NASA's Juno reveals facts about Jupiter's Red Spot storm

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NASA's Juno reveals facts about Jupiter's Red Spot storm (Image: Pixabay)
NASA's Juno reveals facts about Jupiter's Red Spot storm (Image: Pixabay)

New Delhi : With the latest data collected by NASA's Juno spacecraft orbiting Jupiter, a better understanding of the planet's atmosphere including giant red spot has been derived by the researchers.

The researchers have claimed that the Great Red Spot plunges between roughly 200 to 300 miles (350 to 500 km) below the cloud tops on Jupiter, based on microwave and gravity measurements obtained by Juno.

With the data collected, scientists understand the atmosphere of solar system's largest planet that is capable of holding over 1,000 earth-size planets inside it.

The planet, known as a gas giant, is composed primarily of hydrogen and helium, with traces of other gases. Stripes and a few storms like the Great Red Spot dominate the colorful appearance of Jupiter, the fifth planet from the sun with a diameter of about 88,850 miles (143,000 km).

The Great Red Spot is a storm roughly 10,000 miles (16,000 km) wide churning in Jupiter's southern hemisphere, boasting crimson-colored clouds that spin counterclockwise at high speeds.

"From a scientific point of view, it's puzzling how the storm can last so long and be so big," said Scott Bolton, principal investigator of the Juno mission at the Southwest Research Institute in Texas and lead author on one of two Jupiter studies published in the journal Science on Thursday.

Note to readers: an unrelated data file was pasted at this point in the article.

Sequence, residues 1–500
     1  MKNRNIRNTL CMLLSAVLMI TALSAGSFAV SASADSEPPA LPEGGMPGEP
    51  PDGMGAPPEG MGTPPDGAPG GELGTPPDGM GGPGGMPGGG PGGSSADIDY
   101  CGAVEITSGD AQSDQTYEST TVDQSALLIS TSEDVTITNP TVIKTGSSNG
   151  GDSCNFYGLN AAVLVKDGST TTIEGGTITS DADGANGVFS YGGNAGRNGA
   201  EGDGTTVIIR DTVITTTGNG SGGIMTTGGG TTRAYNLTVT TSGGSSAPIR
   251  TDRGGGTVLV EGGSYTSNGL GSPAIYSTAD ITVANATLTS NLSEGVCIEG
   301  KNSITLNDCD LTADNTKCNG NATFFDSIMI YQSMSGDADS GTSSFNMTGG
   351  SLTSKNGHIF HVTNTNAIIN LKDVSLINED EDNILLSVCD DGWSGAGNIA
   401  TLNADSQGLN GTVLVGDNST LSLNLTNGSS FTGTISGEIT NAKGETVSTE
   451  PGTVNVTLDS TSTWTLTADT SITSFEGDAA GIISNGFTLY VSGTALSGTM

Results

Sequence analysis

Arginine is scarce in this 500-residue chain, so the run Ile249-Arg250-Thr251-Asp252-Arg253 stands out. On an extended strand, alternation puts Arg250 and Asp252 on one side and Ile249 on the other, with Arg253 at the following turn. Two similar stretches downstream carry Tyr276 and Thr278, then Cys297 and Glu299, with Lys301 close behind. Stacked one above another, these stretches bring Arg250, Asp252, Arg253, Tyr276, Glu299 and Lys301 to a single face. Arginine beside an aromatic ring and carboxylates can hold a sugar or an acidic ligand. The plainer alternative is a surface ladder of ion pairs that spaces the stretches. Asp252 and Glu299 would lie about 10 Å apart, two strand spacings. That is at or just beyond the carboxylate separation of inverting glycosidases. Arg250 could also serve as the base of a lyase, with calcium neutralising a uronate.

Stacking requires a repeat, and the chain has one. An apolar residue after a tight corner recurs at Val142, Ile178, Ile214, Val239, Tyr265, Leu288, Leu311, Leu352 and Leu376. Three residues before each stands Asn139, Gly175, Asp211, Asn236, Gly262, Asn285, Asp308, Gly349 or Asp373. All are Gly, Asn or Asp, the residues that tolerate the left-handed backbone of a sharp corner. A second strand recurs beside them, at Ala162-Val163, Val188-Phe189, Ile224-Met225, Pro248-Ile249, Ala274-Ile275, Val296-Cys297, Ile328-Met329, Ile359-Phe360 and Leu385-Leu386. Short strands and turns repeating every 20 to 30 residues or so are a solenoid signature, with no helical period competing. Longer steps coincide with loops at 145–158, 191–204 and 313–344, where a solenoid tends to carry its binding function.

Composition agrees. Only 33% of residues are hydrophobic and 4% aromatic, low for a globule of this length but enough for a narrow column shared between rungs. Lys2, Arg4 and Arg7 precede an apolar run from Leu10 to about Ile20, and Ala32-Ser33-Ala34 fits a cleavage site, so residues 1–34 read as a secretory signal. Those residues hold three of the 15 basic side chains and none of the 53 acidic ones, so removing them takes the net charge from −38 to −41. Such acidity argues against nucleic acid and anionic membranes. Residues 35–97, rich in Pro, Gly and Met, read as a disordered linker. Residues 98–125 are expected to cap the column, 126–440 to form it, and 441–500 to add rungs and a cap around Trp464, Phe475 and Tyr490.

"It is wide enough to swallow the Earth," added Marzia Parisi, a Juno scientist from NASA's Jet Propulsion Laboratory in California and lead author of the second study.

In earlier studies, it was revealed by Juno’s data that Jupiter’s jet stream reach down even further, to depths of about 2,000 miles (3,200 km). Comparing how storms act on planet earth, it was assumed that the Great Red Spot was a relatively shallow storm, Bolton said.

"Jupiter works in this mysterious way that we're sort of revealing for the first time - because this is the first mission that's been able to look inside the planet," Bolton added. "And we're seeing surprises."

Now, it is clear that Earth and Jupiter are two different worlds. While earth has more of rocky surface, Jupiter lacks it.

Juno has been orbiting Jupiter since 2016, obtaining information about its atmosphere, interior structure, internal magnetic field and the region around it created by its internal magnetism.